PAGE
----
Obese or otherwise, we want to keep children from contracting COVID-19, and if they do catch it, we want them healed quickly and thoroughly. This blog has mentioned the legal and logistical factors that come into play when testing and contact tracing, amongst minors, are at issue. Because of the disease’s long incubation period and additional logistical delaying factors, any statistics we see are only a picture of how conditions were a few weeks ago, not now.
Our knowledge of the first version of SARS-CoV-2 is far from complete, and it keeps changing as if it wants to make sure we never catch up. And of course over in Nature’s camp, other factors are also at work. At one point in 2020, claims were made that the arrival of hot weather would cause the virus to dry up and blow away, which was neither literally nor figuratively true.
Figuring it out
In March, a small Chinese study concluded that the virus “showed no signs of weakening in warm and humid conditions.” In June, at the University of Sydney, researchers “discovered a 1 percent decrease in humidity could increase the number of COVID-19 cases by 6 percent.” Epidemiologist Professor Michael Ward explained it to the press like this:
When it comes to climate, we found that lower humidity is the main driver here [Australia], rather than colder temperatures… It means we may see an increased risk in winter here, when we have a drop in humidity. But in the northern hemisphere, in areas with lower humidity or during periods when humidity drops, there might be a risk even during the summer months.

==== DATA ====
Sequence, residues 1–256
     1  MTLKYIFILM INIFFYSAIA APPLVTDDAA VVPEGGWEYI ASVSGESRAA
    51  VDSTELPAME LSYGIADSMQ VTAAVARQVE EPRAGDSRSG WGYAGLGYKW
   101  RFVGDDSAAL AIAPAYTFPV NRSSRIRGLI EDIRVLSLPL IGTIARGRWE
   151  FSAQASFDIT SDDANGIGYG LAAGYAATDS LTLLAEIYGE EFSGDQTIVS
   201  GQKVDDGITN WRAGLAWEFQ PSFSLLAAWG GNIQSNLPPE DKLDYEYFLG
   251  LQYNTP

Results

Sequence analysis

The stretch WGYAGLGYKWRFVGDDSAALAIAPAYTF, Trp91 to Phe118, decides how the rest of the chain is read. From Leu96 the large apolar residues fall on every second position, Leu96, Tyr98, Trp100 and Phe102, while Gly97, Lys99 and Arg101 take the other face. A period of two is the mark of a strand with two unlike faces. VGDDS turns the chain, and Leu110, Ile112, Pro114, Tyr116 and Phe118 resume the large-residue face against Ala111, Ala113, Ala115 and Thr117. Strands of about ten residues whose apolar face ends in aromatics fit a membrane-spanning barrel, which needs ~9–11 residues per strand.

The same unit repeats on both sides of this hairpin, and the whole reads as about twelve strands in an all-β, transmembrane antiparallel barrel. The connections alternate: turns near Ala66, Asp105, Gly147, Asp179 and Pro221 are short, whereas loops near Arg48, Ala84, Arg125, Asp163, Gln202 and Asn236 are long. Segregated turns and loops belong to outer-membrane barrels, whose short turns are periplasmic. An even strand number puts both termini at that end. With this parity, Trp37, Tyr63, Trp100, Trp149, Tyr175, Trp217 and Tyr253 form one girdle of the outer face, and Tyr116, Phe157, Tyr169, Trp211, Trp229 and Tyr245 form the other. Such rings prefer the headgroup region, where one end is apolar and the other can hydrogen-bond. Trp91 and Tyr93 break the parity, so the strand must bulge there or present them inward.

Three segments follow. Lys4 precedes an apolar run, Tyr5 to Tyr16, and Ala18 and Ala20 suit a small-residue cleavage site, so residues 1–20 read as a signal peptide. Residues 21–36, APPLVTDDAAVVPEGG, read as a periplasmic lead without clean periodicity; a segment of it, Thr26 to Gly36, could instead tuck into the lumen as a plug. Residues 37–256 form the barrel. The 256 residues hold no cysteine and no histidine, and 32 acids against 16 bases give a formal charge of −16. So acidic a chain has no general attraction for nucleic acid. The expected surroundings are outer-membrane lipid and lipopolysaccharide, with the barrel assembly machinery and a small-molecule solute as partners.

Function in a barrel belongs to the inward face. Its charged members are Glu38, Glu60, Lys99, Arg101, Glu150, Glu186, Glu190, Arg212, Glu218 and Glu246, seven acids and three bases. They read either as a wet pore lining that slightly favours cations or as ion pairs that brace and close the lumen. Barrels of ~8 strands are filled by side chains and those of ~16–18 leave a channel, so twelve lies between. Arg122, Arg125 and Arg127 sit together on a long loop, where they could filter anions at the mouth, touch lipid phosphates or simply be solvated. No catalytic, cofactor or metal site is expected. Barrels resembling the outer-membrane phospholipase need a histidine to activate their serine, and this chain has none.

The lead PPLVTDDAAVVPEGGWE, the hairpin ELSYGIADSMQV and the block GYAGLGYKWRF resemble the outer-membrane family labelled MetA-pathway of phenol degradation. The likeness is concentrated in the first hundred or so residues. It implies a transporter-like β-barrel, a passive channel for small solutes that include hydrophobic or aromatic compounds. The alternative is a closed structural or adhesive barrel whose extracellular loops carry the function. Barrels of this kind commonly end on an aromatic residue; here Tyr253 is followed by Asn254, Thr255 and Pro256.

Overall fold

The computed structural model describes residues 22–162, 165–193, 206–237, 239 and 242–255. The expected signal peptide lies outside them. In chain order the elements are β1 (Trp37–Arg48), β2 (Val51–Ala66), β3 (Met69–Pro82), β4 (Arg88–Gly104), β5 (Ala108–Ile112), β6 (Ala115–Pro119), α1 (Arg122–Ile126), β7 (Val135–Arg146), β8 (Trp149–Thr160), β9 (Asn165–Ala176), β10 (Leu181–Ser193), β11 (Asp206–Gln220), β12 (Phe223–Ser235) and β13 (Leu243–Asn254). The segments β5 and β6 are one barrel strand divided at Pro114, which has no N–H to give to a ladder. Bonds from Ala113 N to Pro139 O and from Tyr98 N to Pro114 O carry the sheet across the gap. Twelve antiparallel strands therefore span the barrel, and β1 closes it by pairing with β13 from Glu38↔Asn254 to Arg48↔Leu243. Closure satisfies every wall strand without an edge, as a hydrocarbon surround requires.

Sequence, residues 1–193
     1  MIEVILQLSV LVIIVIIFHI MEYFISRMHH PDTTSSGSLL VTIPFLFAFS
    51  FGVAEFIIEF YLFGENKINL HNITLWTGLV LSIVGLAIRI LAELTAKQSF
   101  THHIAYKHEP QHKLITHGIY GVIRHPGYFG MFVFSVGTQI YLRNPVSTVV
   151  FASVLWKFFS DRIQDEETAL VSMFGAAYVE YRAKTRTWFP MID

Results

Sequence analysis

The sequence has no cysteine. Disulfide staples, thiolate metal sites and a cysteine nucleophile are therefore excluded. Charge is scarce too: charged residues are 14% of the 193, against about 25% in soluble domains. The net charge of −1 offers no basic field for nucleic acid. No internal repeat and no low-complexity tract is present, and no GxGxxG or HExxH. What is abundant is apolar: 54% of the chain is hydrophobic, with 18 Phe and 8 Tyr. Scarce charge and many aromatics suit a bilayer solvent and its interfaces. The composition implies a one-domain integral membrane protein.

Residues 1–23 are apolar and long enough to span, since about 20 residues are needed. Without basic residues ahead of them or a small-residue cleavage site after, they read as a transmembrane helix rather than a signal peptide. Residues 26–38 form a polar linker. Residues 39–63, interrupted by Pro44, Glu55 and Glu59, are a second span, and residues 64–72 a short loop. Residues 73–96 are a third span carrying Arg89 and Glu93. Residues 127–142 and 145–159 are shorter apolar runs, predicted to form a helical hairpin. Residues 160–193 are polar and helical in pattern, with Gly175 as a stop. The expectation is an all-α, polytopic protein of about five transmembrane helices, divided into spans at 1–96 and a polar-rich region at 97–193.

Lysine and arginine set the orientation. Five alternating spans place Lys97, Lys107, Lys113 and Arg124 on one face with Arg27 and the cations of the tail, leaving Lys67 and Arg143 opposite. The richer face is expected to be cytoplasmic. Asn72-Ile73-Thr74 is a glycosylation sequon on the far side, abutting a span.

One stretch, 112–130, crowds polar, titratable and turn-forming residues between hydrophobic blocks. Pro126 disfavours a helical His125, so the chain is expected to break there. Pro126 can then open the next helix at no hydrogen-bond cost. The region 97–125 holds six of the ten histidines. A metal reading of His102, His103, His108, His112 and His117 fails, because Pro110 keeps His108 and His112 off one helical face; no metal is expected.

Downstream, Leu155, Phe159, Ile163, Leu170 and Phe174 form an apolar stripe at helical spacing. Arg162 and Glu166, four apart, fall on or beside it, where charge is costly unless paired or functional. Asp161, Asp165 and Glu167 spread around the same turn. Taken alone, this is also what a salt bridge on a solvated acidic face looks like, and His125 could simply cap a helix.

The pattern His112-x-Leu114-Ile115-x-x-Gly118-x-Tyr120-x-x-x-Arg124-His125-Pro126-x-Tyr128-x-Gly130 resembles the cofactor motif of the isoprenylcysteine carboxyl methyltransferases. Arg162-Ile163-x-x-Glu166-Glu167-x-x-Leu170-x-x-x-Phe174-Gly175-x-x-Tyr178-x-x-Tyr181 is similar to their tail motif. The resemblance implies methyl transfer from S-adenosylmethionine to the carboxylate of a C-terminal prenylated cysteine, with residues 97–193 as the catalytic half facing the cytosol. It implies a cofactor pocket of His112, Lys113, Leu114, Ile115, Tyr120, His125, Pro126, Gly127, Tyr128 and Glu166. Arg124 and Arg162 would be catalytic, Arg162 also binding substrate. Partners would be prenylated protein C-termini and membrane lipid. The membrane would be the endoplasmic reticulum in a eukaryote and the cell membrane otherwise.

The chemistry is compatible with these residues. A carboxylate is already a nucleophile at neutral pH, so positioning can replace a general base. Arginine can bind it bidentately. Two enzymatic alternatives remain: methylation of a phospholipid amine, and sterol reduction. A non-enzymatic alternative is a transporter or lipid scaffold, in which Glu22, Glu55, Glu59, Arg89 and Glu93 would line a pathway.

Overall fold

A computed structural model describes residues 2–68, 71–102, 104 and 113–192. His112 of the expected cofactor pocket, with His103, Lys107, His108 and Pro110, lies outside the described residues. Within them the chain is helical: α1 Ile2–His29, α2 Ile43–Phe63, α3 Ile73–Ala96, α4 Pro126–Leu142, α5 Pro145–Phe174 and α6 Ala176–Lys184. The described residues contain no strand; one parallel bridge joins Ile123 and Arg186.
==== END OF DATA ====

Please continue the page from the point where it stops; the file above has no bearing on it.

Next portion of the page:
What are the biological implications regarding the airborne virus, which is a living organism? In humid air, apparently, aerosols are bigger and heavier (and sometimes called droplets), so they fall to the ground or other surfaces more quickly, rather than floating around. Dr. Ward says,
When the humidity is lower, the air is drier and it makes the aerosols smaller. When you sneeze and cough those smaller infectious aerosols can stay suspended in the air for longer. That increases the exposure for other people.
Results were published of a multi-author study of conditions in 50 cities, of which eight were heavily affected by COVID-19:
The 8 cities with substantial community spread as of March 10, 2020, were located on a narrow band, roughly on the 30° N to 50° N corridor. They had consistently similar weather patterns, consisting of mean temperatures of between 5 and 11 °C [41º – 51.8º Fahrenheit], combined with low specific humidity (3-6 g/kg) and low absolute humidity (4-7 g/m3).
In the same month, Chelsea Harvey summed it up for Scientific American:
Several laboratory experiments have suggested higher temperatures and humidity are associated with reduced survival of the virus. That said, the report noted, conditions simulated in the lab don’t always mimic conditions the virus will encounter in real life.
Your responses and feedback are welcome!
Source: “Coronavirus shown to spread in high heat and humidity,” News-Medical.net, 03/30/20
Source: “Reduced humidity linked to increased COVID-19 risk,” MedicalXpress.com, 06/01/20
Source: “Temperature, Humidity, and Latitude Analysis to Estimate Potential Spread and Seasonality of Coronavirus Disease 2019 (COVID-19),” JAMANetwork.com, 06/11/20
Source: “Summer Weather Won’t Save Us from Coronavirus,” ScientificAmerican.com, 06/19/20
Image by Jernej Furman/CC BY 2.0